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It’s elbow pain related to HER JOINT

I would try to see if you can RF ablate the articular branches to the joint then. I haven't seen any reports of it though.

Here are your anatomical targets.
These guys are in Atlanta if that's an option


I'm not sure I believe in PRP/biologics in end-stage RA, but sure. Give it a shot before you RF anything.

The nerves are probably easier to stimulate as well if you just want to capture them in the region where you might do an axillary brachial plexus block.
 
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I agree that peripheral nerve stim could be reasonable. I would probably consider infraclavicular approach.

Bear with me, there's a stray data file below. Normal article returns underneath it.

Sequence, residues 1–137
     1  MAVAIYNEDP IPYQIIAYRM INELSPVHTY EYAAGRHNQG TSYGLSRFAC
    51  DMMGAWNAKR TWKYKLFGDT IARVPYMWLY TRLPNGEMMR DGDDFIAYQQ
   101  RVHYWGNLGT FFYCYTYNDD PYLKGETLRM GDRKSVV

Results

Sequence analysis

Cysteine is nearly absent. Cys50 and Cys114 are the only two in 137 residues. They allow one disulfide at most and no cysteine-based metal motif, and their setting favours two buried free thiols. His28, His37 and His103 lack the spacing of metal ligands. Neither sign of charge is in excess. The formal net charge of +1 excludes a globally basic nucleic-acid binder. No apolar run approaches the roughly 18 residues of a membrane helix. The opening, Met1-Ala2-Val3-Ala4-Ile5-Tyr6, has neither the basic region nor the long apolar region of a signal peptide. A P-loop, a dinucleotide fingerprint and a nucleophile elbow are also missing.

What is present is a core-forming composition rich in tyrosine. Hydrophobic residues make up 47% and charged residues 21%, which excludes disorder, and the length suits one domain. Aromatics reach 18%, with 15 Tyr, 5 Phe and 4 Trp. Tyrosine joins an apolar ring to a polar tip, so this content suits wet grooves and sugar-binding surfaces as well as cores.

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I would consider placing the lead in the area where one would perform an infraclavicular brachial plexus block. At this level the brachial plexus is at the level of the cords and in theory you could stimulate all 3 cords with one lead. I suppose since the lead would be at the level of the cords, calling this "peripheral nerve" stim isn't entirely accurate in pure terminology. I could have called it "brachial plexus stimulation."
 

painfree23

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I would consider placing the lead in the area where one would perform an infraclavicular brachial plexus block. At this level the brachial plexus is at the level of the cords and in theory you could stimulate all 3 cords with one lead. I suppose since the lead would be at the level of the cords, calling this "peripheral nerve" stim isn't entirely accurate in pure terminology. I could have called it "brachial plexus stimulation."
14g tuoy going infraclavicular??